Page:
Uterine Fibroids : Causes, Symptoms, Risk Factors and Treatment
What are Uterine Fibroids?
Fibroid tumours are noncancerous growths that develop on the uterus’ muscular wall. They can be microscopic or large enough to fill the entire abdominal cavity, and there are often several at once. They can be as large as a full-term pregnancy in some cases. Women of all ages can be affected by this condition, but women in their 40s and 50s are the most affected.
There are 3 different locations: intramural, submucosal, and subserosal uterine fibroids.
What are the symptoms of Uterine Fibroids?
While not cancerous, they can cause problems. Depending on size, location and amount, common fibroid symptoms include:
- Pelvic pain and pressure
- Excessive bleeding, prolonged periods and passage of clots, anemia
- Abdominal swelling
- Bladder pressure, leading to frequent urination
- Pressure on the bowel, leading to constipation and bloating
- Pregnancy complications.
How are Uterine Fibroids diagnosed?
Your doctor will recommend an ultrasound examination of your uterus based on your symptoms.
Occasionally, fibroids are discovered during routine ultrasounds performed as part of routine health checks.
Is it necessary to have surgery for all fibroids?
No, Surgery is not required for all fibroids. Fibroids can be treated in a variety of ways. Some fibroids that are not in the fibroid’s wall and are not causing any problems can be left alone.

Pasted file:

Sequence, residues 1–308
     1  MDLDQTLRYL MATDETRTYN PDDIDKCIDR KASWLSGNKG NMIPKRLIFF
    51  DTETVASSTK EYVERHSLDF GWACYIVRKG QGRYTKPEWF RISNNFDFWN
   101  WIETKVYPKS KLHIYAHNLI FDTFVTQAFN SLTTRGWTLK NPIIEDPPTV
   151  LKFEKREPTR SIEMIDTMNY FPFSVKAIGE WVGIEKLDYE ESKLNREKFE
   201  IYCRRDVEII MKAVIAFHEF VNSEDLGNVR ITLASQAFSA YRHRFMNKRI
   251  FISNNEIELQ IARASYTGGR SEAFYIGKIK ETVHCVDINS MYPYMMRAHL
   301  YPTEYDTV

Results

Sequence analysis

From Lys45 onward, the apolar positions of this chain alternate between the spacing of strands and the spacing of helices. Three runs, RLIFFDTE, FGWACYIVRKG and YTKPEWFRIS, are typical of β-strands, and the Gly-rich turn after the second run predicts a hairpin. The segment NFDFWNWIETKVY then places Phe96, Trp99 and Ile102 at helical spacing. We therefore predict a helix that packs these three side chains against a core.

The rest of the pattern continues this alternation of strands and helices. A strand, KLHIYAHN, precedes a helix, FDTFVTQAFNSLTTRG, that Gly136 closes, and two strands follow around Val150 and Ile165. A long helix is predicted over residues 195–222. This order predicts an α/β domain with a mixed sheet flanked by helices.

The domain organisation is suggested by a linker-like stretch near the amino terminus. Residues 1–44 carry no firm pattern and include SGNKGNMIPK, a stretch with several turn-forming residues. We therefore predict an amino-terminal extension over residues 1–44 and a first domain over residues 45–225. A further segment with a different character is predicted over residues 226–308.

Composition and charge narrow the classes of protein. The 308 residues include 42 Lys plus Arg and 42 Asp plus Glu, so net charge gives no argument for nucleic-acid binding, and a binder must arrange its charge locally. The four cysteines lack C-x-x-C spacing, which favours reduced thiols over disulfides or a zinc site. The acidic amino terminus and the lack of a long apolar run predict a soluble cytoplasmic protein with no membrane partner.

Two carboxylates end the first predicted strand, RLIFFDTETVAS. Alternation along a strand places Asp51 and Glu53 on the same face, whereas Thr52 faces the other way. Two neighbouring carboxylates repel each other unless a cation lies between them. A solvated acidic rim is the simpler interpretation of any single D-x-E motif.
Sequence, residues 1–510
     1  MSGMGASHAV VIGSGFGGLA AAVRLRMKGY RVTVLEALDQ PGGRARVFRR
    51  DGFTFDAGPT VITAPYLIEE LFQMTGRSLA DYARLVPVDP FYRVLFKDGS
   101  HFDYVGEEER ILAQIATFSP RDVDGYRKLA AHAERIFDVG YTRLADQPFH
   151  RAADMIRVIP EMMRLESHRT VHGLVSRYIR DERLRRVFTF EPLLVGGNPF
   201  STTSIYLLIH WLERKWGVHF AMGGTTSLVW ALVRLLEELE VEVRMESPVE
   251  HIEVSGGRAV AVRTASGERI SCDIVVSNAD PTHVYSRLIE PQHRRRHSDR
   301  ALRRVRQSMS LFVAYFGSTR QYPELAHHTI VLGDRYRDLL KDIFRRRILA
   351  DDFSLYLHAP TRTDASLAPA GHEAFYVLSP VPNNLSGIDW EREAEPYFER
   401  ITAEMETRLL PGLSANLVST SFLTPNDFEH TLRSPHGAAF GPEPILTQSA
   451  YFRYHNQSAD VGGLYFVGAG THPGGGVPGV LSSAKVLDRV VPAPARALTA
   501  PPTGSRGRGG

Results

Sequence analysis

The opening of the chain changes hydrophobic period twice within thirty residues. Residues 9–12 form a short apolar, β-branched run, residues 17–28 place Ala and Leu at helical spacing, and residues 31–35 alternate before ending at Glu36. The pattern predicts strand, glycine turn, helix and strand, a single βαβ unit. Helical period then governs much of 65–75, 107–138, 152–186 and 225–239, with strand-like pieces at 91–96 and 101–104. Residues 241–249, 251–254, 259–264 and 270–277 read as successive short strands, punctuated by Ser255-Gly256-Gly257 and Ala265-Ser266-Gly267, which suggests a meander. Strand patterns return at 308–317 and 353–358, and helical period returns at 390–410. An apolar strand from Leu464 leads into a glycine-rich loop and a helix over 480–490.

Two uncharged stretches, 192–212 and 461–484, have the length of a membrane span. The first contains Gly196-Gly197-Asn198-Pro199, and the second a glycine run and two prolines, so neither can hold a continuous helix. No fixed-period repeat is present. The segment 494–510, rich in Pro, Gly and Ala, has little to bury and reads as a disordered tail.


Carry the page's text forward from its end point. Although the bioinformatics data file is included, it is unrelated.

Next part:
We can wait until menopause if we are nearing menopause because they regress after menopause.
Are all fibroids treated with surgery?
Fibroids can be managed in a variety of ways. Surgery isn’t necessary for all fibroids. There is no need for treatment. Some fibroids can be left untreated if they are not in the fibroid’s wall and are not causing any problems. We can wait until menopause if we are approaching menopause.
What medication can be taken to treat Fibroids?
The majority of women ask for fibroids-reduction drugs. Unfortunately, such an option does not exist. Until menopause, medications can help reduce heavy bleeding and keep the fibroid at bay. We also have anti-fibroid medications that can be used for a short period of time to improve haemoglobin levels before surgery. These medications are liver toxic and should not be used for long periods of time.
Fibroids can also be shrunk with injections, but once the injections are stopped, they grow back. Your doctor may advise them before surgery to buy time for your haemoglobin to improve.
Can Fibroids be treated without surgery?
Nonsurgical options for Fibroids include uterine artery embolization and MRI-guided ultrasound ablation. If fibroids are causing heavy periods, are too large in size, or are causing pressure, you may need a Myomectomy (Fibroid removal) or a Hysterectomy (removal of the uterus).
Laparoscopic and robotic-assisted surgery are two minimally invasive surgical options.